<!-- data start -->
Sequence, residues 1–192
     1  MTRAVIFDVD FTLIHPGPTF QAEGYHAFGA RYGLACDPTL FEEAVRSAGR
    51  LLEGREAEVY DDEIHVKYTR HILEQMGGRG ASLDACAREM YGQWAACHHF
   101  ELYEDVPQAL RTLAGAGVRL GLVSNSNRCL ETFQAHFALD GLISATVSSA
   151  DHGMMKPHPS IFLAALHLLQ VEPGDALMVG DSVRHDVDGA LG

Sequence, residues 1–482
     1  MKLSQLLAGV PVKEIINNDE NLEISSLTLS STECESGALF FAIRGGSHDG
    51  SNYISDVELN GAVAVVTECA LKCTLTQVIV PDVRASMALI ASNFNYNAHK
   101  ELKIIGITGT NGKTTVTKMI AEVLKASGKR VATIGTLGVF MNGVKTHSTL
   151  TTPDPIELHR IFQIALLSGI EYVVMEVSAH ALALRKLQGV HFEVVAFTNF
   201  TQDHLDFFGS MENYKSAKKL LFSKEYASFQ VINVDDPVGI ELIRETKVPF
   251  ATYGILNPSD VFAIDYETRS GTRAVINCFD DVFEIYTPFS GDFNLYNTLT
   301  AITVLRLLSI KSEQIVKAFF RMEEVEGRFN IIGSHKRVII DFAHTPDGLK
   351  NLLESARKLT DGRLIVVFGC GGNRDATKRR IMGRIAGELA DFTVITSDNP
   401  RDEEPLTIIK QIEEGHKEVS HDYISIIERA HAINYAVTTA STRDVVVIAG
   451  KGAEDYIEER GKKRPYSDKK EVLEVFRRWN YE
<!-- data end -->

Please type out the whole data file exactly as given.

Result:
Sequence, residues 1–192
     1  MTRAVIFDVD FTLIHPGPTF QAEGYHAFGA RYGLACDPTL FEEAVRSAGR
    51  LLEGREAEVY DDEIHVKYTR HILEQMGGRG ASLDACAREM YGQWAACHHF
   101  ELYEDVPQAL RTLAGAGVRL GLVSNSNRCL ETFQAHFALD GLISATVSSA
   151  DHGMMKPHPS IFLAALHLLQ VEPGDALMVG DSVRHDVDGA LG

Sequence, residues 1–482
     1  MKLSQLLAGV PVKEIINNDE NLEISSLTLS STECESGALF FAIRGGSHDG
    51  SNYISDVELN GAVAVVTECA LKCTLTQVIV PDVRASMALI ASNFNYNAHK
   101  ELKIIGITGT NGKTTVTKMI AEVLKASGKR VATIGTLGVF MNGVKTHSTL
   151  TTPDPIELHR IFQIALLSGI EYVVMEVSAH ALALRKLQGV HFEVVAFTNF
   201  TQDHLDFFGS MENYKSAKKL LFSKEYASFQ VINVDDPVGI ELIRETKVPF
   251  ATYGILNPSD VFAIDYETRS GTRAVINCFD DVFEIYTPFS GDFNLYNTLT
   301  AITVLRLLSI KSEQIVKAFF RMEEVEGRFN IIGSHKRVII DFAHTPDGLK
   351  NLLESARKLT DGRLIVVFGC GGNRDATKRR IMGRIAGELA DFTVITSDNP
   401  RDEEPLTIIK QIEEGHKEVS HDYISIIERA HAINYAVTTA STRDVVVIAG
   451  KGAEDYIEER GKKRPYSDKK EVLEVFRRWN YE